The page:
Church members search for way to save building
Pilot Point’s Central Christian Church is an impressive sight to see – from a distance.
The historic structure’s painstakingly crafted architecture is reminiscent of a tapered bell tower, rising powerfully out of swaying foliage. Decades-old stained-glass glistens in scattered sunlight, painting colors across the building through windows that swoop and bend along the sanctuary’s high-reaching arches. The structure itself points heavenward, brushing the undersides of tree branches with pointed rooftops dipped in gray.
The peeling paint, splintering wood and shattered glass fixtures are less noticeable from a distance. Razor-thin cracks as slight as spiders’ webs plague windows, holes the size of hailstones stipple the church face. Floorboards creak, doorknobs rattle. But from a distance, you’d never know.
Joyce Wood said she can’t quite remember the last time the church saw a full-on renovation. The 91-year-old has been an active member of Central Christian since 1947.
“The congregation had about 80 people when I originally joined,” Wood said, adding that the church kept constant numbers throughout the next several decades. “And then people got older. I guess it started to dwindle when the original people that ran the church passed away or became inactive.”
The congregation of Central Christian continued to fall over the next several years. Today, there are six members, only four of whom are classified as active.
Despite the small number of the flock, the congregation is still expected to be fiscally responsible for the historic building. Monthly fees were running members upwards of $600, Wood said, and that did not include general upkeep and maintenance costs.
“We just can’t keep paying those bills every month,” Wood said. “We don’t have the money.”
Citing funding as the primary issue, Central Christian Church officially closed its doors last month. The decision left six members and two pastors displaced.
But that is the least of their concerns, Wood said.
After freezing their services, the congregation is faced with a new task: deciding what will become of Central Christian’s historic sanctuary.
“I hate to see it just completely deteriorate and go away,” Wood said. “Right now, we haven’t decided what to do; we have absolutely no idea. But we cannot continue to pay bills every month.”
Organized in 1901 by J.P. Adcock, Central Christian Church is a longstanding religious institution in Pilot Point. The sanctuary was built in 1902. Walking through the heavy wooden doors and into the high-ceilinged worship space is like stepping through time. Inside can be found a Bible dated back to 1907, as well as a grandfather clock from the late 1800s. Also significant about the church’s roots are its founding members, among them R.T. Evans— one of Pilot Point’s first mayors.
Erected on the corner of Liberty and Church streets, the century-old building sits right across from the town’s Historic District. Wood, who is acting chair of the church board, thought the building’s historical significance could be the key to saving and restoring it.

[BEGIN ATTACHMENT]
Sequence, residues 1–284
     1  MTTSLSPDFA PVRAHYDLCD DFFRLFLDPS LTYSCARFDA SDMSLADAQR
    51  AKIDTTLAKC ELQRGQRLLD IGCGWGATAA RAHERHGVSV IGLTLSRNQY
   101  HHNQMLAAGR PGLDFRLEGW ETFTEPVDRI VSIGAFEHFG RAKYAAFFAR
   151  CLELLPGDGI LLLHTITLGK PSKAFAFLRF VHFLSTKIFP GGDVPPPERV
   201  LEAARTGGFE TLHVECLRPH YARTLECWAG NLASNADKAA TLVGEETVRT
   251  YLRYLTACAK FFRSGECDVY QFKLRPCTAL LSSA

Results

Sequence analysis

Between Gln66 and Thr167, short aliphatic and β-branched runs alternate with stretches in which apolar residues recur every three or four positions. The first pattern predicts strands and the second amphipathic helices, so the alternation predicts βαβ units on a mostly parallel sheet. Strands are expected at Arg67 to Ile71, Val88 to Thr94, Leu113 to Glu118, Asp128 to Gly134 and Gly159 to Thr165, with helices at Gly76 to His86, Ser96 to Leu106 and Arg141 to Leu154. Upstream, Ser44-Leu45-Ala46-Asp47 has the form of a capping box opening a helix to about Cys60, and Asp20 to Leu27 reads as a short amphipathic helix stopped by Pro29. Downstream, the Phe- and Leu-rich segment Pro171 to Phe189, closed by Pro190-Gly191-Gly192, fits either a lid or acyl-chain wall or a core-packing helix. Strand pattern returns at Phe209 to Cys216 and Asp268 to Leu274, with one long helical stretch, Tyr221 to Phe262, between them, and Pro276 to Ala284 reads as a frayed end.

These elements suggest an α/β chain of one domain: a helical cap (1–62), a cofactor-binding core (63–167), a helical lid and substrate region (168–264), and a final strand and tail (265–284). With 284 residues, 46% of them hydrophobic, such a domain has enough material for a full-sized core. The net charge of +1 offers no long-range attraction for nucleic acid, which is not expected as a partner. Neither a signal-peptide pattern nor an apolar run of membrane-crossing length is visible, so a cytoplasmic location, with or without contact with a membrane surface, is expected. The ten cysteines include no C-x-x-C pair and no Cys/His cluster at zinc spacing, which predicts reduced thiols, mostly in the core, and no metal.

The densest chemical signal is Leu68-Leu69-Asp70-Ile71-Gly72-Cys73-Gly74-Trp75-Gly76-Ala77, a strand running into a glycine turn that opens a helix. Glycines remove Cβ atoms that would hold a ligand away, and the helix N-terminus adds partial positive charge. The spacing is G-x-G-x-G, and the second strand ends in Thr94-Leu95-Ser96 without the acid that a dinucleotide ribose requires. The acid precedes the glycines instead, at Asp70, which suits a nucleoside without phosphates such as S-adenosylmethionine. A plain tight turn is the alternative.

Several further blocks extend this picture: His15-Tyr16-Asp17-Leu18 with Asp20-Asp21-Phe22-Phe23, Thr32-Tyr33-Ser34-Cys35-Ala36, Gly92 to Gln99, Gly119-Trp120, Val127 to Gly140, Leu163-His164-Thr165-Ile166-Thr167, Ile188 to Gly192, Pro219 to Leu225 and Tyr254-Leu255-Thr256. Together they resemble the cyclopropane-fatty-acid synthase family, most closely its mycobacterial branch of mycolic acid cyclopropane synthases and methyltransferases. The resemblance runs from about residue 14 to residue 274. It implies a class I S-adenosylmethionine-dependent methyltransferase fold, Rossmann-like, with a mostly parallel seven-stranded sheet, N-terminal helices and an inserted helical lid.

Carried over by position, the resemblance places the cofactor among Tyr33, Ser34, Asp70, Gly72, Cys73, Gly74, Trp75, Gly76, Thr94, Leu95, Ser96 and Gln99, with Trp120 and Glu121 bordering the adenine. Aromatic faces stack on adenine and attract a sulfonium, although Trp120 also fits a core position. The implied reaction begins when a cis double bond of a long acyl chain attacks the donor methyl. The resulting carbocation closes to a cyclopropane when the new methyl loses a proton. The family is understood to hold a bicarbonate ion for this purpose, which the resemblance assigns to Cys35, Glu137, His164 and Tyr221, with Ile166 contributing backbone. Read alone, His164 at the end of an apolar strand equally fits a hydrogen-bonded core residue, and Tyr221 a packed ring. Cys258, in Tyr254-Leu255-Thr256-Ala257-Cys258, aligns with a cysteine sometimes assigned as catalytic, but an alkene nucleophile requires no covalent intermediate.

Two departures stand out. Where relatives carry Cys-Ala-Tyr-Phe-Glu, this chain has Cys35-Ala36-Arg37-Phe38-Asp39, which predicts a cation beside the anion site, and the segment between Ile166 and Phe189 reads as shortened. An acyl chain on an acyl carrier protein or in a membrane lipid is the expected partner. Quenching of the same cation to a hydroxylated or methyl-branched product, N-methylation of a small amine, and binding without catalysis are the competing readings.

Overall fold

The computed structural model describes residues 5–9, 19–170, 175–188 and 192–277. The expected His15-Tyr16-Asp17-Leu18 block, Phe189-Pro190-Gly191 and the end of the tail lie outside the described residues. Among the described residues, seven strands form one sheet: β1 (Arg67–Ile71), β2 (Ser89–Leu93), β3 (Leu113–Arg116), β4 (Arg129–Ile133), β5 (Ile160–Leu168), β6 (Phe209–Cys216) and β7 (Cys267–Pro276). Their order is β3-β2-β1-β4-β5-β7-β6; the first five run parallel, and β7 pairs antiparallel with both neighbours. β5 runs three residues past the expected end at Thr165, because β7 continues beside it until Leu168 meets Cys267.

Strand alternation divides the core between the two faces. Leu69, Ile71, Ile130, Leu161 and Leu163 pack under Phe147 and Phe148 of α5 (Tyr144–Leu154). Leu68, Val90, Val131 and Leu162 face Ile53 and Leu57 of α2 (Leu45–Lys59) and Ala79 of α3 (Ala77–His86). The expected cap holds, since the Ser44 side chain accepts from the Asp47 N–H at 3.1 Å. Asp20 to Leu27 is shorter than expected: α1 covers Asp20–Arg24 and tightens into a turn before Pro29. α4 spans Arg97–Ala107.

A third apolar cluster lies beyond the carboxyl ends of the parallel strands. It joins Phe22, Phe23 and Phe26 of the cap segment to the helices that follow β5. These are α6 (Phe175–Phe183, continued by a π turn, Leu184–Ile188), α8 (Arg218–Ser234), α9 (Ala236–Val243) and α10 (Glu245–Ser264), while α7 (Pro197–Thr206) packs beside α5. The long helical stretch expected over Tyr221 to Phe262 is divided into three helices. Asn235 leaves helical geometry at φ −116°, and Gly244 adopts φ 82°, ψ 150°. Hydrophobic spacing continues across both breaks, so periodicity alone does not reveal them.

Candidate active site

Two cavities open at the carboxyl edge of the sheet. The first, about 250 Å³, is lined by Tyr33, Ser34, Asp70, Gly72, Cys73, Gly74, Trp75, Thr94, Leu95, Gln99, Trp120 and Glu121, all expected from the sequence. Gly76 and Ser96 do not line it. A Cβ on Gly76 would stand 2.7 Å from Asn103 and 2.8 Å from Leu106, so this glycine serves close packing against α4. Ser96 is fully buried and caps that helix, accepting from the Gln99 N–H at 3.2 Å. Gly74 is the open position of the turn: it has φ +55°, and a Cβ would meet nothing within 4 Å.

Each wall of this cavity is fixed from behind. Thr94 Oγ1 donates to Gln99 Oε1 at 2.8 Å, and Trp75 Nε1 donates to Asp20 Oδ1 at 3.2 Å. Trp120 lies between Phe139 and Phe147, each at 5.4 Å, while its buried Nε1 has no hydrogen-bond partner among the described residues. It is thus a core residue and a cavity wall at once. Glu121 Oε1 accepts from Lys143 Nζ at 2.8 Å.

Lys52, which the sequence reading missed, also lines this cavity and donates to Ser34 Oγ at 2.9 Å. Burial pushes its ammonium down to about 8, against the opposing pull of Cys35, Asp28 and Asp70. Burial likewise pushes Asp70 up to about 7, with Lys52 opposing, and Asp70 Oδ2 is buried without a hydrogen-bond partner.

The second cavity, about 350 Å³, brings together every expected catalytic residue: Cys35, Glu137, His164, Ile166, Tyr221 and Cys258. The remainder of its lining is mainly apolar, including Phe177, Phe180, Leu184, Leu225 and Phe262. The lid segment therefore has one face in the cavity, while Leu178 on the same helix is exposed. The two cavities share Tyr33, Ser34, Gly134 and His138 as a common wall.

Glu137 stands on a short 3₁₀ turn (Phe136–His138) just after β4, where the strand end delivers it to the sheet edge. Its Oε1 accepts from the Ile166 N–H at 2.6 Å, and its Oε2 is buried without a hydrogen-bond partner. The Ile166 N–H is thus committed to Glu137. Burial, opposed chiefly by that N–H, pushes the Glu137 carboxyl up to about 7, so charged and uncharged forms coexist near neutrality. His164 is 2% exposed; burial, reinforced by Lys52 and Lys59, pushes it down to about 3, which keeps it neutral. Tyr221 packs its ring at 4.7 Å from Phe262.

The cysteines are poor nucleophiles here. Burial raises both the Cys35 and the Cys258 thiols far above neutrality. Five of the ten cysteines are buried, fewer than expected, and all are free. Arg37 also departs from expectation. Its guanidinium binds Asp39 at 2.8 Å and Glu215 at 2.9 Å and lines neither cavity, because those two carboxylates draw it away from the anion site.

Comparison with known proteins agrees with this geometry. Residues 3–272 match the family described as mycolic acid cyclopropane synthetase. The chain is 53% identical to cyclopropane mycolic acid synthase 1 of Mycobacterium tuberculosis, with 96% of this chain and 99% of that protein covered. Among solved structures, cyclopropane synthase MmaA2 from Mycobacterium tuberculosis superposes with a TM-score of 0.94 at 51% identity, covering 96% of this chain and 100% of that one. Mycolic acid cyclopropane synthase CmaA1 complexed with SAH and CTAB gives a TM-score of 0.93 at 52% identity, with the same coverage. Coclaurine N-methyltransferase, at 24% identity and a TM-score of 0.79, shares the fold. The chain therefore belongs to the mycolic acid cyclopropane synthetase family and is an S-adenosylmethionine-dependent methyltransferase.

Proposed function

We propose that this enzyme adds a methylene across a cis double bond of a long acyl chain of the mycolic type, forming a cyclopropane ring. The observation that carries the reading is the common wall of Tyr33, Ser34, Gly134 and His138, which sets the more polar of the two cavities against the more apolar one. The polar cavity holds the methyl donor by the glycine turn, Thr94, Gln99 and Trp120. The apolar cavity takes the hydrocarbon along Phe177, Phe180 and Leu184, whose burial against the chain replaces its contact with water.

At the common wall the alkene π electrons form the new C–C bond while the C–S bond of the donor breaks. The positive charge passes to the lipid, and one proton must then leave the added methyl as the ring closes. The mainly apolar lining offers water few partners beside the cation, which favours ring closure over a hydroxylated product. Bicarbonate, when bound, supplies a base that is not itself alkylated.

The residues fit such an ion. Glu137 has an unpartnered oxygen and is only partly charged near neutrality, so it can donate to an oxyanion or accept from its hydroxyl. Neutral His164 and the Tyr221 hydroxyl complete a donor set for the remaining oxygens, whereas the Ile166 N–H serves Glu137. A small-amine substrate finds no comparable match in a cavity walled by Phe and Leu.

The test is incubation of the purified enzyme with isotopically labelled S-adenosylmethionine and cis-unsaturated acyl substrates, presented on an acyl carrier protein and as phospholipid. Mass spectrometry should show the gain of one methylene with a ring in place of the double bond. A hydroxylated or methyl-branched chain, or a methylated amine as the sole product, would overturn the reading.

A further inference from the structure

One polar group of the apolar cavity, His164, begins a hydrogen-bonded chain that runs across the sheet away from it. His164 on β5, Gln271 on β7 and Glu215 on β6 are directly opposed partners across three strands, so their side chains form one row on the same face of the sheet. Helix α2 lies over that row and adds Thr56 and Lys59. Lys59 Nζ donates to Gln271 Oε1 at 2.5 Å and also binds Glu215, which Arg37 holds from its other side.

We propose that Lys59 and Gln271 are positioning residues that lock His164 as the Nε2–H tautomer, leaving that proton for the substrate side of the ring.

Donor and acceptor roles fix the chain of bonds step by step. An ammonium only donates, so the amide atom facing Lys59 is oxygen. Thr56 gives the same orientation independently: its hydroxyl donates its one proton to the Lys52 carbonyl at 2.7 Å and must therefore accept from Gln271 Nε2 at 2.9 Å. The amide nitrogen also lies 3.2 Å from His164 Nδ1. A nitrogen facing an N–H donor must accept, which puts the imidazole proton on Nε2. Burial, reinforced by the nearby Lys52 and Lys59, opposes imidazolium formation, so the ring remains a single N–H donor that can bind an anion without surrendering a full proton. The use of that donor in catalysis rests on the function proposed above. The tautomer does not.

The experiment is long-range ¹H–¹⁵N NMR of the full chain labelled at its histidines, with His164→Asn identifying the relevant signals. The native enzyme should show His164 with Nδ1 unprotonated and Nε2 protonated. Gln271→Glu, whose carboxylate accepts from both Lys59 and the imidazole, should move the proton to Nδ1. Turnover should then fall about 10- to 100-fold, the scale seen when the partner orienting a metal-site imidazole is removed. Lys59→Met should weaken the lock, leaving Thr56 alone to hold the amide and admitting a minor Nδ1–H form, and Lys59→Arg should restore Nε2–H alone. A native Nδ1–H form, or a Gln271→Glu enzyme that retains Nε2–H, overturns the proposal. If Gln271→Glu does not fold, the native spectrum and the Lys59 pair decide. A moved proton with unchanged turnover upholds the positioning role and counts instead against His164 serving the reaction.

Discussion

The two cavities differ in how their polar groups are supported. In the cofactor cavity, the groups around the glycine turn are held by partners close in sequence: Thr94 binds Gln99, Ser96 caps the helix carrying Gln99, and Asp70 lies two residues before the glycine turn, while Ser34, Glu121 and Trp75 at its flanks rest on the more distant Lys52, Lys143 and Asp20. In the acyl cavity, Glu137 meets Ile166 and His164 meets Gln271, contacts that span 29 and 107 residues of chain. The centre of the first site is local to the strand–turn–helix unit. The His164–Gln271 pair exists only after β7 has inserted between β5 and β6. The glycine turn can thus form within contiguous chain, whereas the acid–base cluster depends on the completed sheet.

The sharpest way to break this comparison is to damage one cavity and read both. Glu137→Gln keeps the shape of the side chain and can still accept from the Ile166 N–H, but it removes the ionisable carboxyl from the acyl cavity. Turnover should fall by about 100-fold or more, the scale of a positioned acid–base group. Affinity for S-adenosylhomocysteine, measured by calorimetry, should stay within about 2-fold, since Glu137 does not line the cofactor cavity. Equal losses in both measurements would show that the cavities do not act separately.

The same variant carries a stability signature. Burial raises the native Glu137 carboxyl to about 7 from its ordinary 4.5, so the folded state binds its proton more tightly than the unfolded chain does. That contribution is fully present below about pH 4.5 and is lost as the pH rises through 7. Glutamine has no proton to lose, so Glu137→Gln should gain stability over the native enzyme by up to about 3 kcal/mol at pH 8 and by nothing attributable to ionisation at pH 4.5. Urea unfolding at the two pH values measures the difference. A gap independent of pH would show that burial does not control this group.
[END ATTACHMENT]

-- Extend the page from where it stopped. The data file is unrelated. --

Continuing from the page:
“The first thing we did was check with the city to see if they had any type of ordinance for historic buildings,” Wood said. “At this point, they do not.”
After having no luck in Pilot Point, Wood continued the search for assistance at a higher level.
“We have explored several possibilities,” she said. “I checked with the Denton County Historical Society and the Denton County Association, and then I went on up to district and state. I can find no help at all. No suggestions for preserving the building.”
Despite her lack of luck, Wood isn’t losing hope. The church board is still in what she calls the “checking-our-options phase.” She’s looking into several state construction grants, as well as toying with the idea of using the building as a town gathering place.
“We don’t exactly know what we want to do,” Wood said. “Right now, we haven’t found any options other than to sell it. We’ve checked into whether or not putting a historical marker on the corner there would make any difference in people’s interest in maintaining the building. But who wants to put that much into a vacant building that’s deteriorating?”
Wood said the members of the congregation realized early last year that they probably wouldn’t be able to stay at Central Christian much longer. They continued holding services, though they held them biweekly to save on costs. They just kept hoping for a miracle, she said.
Now that the congregation can no longer use its services, some members of the community are putting the building to use.
Pilot Point’s first ever Victorian Piano Festival will be held in Central Christian’s sanctuary May 11. World-renowned pianist Francis Vidil is founder of the festival, and recently purchased a 19th century square grand Weber piano to play at the event. Half of the festival’s proceeds will go to the church’s restoration.
Wood said events like the piano festival are one of many options the congregation could choose for their beloved sanctuary. Ultimately, what becomes of the church is still entirely up in the air, though Wood said she would like to see the building preserved.
“We need more time to decide what to do with it,” Wood said. “Right now, we just don’t know.”